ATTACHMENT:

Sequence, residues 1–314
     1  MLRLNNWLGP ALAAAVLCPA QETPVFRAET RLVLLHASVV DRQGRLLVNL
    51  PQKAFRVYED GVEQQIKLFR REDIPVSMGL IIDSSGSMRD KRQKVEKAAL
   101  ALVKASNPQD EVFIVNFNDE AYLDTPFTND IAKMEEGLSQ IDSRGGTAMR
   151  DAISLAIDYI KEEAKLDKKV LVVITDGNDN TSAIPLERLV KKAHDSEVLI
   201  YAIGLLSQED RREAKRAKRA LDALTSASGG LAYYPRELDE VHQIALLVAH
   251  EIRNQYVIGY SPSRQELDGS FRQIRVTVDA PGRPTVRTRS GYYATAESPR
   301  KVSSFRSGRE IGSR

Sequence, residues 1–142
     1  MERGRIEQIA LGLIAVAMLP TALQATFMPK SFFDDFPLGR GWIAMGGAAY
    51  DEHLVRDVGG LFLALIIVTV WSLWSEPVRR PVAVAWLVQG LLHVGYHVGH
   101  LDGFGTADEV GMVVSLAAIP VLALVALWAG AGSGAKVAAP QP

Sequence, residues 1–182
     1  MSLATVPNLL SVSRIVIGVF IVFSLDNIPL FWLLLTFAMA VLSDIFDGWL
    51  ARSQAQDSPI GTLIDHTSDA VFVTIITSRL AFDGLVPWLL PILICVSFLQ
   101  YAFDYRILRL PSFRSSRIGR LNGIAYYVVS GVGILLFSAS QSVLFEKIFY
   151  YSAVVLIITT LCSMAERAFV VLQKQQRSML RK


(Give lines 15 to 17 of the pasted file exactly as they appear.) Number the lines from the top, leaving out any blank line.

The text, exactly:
    51  ARSQAQDSPI GTLIDHTSDA VFVTIITSRL AFDGLVPWLL PILICVSFLQ
   101  YAFDYRILRL PSFRSSRIGR LNGIAYYVVS GVGILLFSAS QSVLFEKIFY
   151  YSAVVLIITT LCSMAERAFV VLQKQQRSML RK